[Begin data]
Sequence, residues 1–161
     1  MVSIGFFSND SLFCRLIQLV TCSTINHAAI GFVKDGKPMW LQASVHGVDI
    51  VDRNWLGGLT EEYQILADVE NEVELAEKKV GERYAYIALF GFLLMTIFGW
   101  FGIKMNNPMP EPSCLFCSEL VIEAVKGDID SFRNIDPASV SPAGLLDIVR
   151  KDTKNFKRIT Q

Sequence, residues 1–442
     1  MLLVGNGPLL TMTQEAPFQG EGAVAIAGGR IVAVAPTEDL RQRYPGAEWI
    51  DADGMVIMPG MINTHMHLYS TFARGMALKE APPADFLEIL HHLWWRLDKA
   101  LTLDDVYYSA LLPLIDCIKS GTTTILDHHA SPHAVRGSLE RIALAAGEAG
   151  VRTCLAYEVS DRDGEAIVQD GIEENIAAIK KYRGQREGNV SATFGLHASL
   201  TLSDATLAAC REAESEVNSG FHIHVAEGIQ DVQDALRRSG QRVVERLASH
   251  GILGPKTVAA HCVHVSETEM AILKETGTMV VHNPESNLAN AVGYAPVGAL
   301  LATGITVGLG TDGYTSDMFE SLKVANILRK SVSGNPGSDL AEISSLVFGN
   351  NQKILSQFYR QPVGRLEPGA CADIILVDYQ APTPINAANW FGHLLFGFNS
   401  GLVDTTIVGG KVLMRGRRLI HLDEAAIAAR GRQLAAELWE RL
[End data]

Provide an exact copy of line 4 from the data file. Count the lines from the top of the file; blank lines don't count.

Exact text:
   101  FGIKMNNPMP EPSCLFCSEL VIEAVKGDID SFRNIDPASV SPAGLLDIVR